These Are Top 5 Sources Of Risk In 2018 (And How To Hedge Against Them)

Morgan Stanley calls them “rolling bear markets“; to others they are just occasional sharp, sometimes harrowing, price drops across various asset classes which however fail to drag down the entire market.

Starting in January with the sharp spike in rates, then continuing with a big drop in tech names, a spike in Italian bond yields which then morphed into an EM selloff and commodity plunge due to trade wars, the sequence of selloffs culminated last week with the sudden rise in US rates during the first week of Oct which led global risk assets to sell off pushing cross asset risk metrics higher over the month.

Meanwhile, continued concerns around Italy have caused the Italian-German bond spread to trade at 5y highs and added pressure to European assets. But while rates have arguably been a major source of risk this month, global rates vol is still the least stressed cross asset vol historically. And since that may change if Morgan Stanley – which warned today that current market conditions are dangerously similar to what happened in the fall of 1987 – Bank of America notes that with most hedge costs still comfortably below long term median levels, it remains historically inexpensive to hedge.

Before we look at BofA’s hedging suggestions, a quick walk through the main risk events we have observed in 2018, when markets have been considerably more shock-prone in 2018 compared to last year. As BofA’s Benjamin Bowler notes, of the 34 assets in the bank’s screen, six have experienced a top-10 drawdown year-todate, up from none in 2017 (Chart 3).

And as Morgan Stanley has repeatedly discussed in recent months, the sources of these shocks have spanned multiple regions and asset classes: the five prevailing risk themes for 2018 YTD, along with assets closest to these sources of risk, are shown in Chart 4. These are i) US interest rates-led sell offs; ii) tech stocks “hedge fund hotels”, iii) political instability in Italy; iv) jittery emerging markets, and last but not least, v) trade wars.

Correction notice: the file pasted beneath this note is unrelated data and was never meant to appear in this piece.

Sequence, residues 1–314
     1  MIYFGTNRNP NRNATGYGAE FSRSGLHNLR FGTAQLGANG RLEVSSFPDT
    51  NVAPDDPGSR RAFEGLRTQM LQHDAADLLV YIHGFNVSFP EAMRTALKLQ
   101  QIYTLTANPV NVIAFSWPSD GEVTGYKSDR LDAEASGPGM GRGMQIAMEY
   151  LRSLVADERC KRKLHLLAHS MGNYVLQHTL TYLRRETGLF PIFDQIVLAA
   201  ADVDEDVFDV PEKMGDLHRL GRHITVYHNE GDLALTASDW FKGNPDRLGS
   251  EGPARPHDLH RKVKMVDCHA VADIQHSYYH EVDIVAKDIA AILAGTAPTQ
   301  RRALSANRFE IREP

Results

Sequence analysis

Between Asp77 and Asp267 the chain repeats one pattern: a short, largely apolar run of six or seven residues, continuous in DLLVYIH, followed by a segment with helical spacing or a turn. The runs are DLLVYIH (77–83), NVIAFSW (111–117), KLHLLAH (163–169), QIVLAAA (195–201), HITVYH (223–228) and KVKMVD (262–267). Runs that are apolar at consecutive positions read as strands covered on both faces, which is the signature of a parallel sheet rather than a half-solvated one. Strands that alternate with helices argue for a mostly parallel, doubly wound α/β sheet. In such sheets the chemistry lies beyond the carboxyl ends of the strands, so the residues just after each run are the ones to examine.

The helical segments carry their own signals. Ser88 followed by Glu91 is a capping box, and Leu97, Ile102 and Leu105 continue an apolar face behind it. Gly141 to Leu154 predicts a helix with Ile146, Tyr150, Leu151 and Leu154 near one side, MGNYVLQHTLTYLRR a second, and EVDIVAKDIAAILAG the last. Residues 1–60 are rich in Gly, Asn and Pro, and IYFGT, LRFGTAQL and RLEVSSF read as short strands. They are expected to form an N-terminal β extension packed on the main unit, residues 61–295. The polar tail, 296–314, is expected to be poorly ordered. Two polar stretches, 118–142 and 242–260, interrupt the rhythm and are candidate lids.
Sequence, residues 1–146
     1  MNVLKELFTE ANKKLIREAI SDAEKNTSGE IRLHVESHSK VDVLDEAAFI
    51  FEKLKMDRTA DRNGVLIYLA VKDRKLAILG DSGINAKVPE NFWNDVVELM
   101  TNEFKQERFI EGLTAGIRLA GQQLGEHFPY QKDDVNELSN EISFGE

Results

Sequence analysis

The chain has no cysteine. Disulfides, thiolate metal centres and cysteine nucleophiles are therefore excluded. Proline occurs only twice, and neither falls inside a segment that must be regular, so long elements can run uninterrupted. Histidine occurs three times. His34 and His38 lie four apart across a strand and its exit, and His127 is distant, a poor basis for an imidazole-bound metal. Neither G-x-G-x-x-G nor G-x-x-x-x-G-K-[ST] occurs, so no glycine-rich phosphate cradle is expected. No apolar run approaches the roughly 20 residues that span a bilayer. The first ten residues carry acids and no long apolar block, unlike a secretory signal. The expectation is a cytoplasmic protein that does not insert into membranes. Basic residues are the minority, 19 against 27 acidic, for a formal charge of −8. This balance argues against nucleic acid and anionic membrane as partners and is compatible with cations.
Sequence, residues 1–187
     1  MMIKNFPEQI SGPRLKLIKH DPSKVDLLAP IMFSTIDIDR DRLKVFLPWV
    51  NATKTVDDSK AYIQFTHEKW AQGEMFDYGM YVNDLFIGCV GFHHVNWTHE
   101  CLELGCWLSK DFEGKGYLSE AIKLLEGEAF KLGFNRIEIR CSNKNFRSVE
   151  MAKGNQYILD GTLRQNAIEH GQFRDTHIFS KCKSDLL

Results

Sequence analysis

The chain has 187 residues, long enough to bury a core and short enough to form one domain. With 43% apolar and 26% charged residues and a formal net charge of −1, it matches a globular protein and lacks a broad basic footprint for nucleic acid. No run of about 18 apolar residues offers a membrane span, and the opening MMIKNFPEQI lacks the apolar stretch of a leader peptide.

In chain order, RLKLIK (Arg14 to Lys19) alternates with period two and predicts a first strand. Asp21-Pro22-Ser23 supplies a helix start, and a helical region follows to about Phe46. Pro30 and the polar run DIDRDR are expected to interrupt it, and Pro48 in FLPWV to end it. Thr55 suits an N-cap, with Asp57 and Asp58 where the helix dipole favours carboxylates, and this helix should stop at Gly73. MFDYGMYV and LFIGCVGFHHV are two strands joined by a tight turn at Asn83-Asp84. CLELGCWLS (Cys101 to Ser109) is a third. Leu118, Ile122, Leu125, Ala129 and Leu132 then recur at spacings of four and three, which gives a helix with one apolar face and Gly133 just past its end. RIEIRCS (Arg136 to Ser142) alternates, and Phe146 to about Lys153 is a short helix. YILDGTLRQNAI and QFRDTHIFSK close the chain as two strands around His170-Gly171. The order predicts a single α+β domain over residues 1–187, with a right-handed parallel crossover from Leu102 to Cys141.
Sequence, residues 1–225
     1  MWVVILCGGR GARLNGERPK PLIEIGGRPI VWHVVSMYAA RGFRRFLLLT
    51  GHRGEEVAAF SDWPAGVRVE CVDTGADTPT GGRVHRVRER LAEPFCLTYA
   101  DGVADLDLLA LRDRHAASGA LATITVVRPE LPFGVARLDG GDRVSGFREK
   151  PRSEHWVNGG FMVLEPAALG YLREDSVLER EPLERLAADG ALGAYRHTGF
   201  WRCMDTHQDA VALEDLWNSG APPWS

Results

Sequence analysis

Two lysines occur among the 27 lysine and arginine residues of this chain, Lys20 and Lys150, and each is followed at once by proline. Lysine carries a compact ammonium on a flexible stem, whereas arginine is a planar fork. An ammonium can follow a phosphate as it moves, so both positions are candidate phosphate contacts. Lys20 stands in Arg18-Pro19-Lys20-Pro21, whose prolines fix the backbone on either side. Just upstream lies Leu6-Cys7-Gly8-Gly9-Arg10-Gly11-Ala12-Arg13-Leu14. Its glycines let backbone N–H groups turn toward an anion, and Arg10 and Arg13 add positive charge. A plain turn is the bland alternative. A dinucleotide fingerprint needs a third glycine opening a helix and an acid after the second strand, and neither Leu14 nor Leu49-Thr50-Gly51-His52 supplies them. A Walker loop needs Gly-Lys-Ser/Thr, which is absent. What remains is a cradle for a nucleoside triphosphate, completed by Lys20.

To be sure, the chart above does not represent an exhaustive list of risk sources or at-risk assets, and in some cases multiple assets can be considered as barometers for a given risk (e.g., Trade wars, EM weakness). On the other hand, there are known risks that simply have not flared-up thus far this year. For example, the possibility of a ‘no-deal’ Brexit – while clearly a risk for markets – has not led to specific large drawdowns for major assets YTD.

Which brings us to BofA’s second, and for investors more critical point: how to hedge against these (recurring) risks, and more importantly, do so cheaply.

Using the representative assets in Chart 4, Bowler identified drawdown periods relating to each of the five sources of risk (shown as shaded regions in the chart). He then calculated crash returns during these five periods for 35 cross-asset hedges relative to their current 3M 25-delta implied volatilities.  The results are as follows:

  • NIKKEI and FTSE puts screen as best value for a US rates-led risk-off event
  • NDX and S&P500 puts screen well for US Tech concerns
  • SX7E and EURUSD puts rank as good value Italian sovereign hedges
  • HSCEI and CADUSD puts rank best for hedging further EM downside
  • Copper and HSCEI puts screen well for potential trade war escalation
  • Overall, puts on EM equities (KOSPI, HSCEI, HSI and EEM) and commodity-linked assets (Aluminum, Copper and AUDUSD) screen as best value based on their average hedge benefit across the five risk-off periods we have identified

And shown in table format:

Finally, before showing the full hedging screen, it is worth noting that the Feb-18 risk-off episode in which US 10y rates rose by almost 60bps precipitating a sell-off in US equities (and an unraveling of the short VIX ETP complex), also had a large effect on the majority of assets in the BofA screen. Specifically, the green markers in Chart 5 are most to the right for 12 out of 35 assets. Given the most recent spike in US rates on 3-Oct, Bowler’s warning to BofA clients is simple: “it is timely to seek efficient hedges for another potential spill-over of US rates into broader markets.

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